For me one of the most valuable things coding brings to math class is the idea of debugging. When code is debugged, you search for the mistakes and correct them to make your code run better, in this venue mistakes are simply part of the process and not as something wrong. We get new releases of soft wear all the time as developers build their skills, discover new ways of doing things and make code more efficient, this is something that could easily carry over to math class. If we think about having version 2.0 or version 10 of something and the excitement of a new updated version think each year’s new iPhone, we could build the same theory of improvement and trying again into our problem solving. We might have seen the problem a few weeks ago or a few months ago but we’ve learned new things and can fix the “bugs” and make our solution clearer and smoother with the new skills that we’ve learned. I would love to come up with some start of the year problems that require mathematical thinking and problem-solving skills that we could revisit in the last week or two of the year and see how much we’ve grown in our thinking. In addition, the cornerstones of computational thinking are also key skills for problem solving. If we can teach students these skills and help them develop as part of their critical and creative thinking skills, we not only build their computer science skills and fulfill ADST curriculum we also give them tools to understand mathematics and think like a mathematician.
There are four key techniques (cornerstones) to computational thinking:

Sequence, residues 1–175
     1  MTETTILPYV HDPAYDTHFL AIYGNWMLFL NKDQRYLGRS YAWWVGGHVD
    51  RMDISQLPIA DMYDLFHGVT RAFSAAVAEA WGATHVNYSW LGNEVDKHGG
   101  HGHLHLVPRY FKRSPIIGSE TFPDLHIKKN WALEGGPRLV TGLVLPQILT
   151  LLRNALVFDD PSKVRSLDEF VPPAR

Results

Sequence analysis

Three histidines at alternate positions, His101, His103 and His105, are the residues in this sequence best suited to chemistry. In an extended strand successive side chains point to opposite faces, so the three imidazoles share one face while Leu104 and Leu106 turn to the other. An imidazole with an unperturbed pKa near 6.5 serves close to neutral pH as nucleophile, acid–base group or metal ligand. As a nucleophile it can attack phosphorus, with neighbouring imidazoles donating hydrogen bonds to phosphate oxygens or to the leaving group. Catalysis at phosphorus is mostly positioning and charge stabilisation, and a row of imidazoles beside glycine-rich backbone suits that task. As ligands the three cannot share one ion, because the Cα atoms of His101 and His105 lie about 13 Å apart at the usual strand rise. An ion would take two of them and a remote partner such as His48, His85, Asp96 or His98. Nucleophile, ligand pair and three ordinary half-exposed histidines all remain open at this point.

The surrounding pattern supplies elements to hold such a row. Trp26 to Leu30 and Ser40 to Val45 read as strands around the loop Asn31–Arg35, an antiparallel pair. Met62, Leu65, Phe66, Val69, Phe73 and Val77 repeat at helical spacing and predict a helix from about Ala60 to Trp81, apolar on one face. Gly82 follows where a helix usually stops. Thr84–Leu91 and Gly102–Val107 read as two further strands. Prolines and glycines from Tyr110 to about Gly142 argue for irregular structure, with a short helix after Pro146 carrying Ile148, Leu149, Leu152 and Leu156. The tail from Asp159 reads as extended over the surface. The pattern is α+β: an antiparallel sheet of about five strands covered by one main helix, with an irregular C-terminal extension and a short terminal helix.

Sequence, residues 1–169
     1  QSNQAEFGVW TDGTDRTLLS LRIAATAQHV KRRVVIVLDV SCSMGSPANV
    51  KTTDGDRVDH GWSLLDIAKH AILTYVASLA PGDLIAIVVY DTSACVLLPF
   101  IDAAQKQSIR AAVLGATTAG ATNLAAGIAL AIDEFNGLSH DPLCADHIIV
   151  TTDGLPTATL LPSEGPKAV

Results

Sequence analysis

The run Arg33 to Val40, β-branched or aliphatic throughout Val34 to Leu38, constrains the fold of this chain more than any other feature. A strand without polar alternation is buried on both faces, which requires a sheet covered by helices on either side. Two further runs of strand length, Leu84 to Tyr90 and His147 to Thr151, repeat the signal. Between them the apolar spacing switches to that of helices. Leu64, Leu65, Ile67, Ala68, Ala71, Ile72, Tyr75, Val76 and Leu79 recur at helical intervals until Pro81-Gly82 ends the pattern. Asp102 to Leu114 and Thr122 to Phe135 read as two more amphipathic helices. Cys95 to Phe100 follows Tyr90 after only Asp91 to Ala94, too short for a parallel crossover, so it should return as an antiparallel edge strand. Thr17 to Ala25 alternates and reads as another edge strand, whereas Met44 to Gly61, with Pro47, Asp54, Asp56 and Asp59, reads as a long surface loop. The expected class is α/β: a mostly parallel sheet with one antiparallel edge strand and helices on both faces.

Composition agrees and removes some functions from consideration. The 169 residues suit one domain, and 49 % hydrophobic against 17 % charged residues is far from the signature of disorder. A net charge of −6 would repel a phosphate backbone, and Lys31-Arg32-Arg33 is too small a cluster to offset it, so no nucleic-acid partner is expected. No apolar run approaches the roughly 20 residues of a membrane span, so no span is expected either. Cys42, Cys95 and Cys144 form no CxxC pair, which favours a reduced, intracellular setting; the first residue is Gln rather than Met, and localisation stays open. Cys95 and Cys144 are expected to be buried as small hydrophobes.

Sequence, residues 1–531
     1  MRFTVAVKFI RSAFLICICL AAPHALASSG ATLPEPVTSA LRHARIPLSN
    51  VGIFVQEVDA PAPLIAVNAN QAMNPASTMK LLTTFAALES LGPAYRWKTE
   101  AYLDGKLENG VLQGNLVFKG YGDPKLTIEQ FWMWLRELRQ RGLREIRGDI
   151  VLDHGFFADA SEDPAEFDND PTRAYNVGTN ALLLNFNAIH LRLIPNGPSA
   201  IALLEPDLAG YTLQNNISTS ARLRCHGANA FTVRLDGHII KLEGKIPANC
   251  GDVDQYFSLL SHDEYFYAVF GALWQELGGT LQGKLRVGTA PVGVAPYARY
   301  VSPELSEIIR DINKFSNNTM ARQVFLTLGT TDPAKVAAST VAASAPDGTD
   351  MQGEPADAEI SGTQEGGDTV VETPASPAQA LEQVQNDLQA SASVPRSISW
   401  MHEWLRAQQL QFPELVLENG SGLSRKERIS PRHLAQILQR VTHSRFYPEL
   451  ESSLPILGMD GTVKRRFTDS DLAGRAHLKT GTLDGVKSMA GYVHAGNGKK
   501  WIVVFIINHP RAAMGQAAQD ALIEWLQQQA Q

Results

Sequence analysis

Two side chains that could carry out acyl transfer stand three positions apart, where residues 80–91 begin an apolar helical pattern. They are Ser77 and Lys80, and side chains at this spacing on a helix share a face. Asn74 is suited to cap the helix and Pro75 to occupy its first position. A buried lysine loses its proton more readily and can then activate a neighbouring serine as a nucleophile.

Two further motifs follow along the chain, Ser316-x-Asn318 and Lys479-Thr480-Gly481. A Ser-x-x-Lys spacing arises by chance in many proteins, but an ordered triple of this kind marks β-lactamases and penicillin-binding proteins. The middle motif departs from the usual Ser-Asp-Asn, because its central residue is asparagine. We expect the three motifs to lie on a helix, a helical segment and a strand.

- decomposition – breaking down a complex problem or system into smaller, more manageable parts
- pattern recognition – looking for similarities among and within problems
- abstraction – focusing on the important information only, ignoring irrelevant detail
- algorithms – developing a step-by-step solution to the problem, or the rules to follow to solve the problem
in my own classroom we seldom get the opportunity to use scratch or other online coding platforms. We do a fair bit of unplugged coding however and it always gets my students thinking, communicating, and solving problems. In unplugged coding my students work on white boards, index cards, or post it’s to write code for their “robot” (partner) to follow, the robot may only do exactly what is written down. While I have two sets of LittleCodr cards my students much prefer using white boards or index cards as it allows them more freedom to code. Some groups use words, others draw symbols for their robot to follow. This week their task was to make their partner do the Chicken Dance. Each student writes their code then has their partner try it, if it doesn’t work, we debug and try again. After a few tries we move to groups of 4 and the group of 4 writes a best version of the code for the chicken dance. I then demonstrate each group’s code as the final robot. The kids love these this especially knowing that at the end they get to see their teacher do it.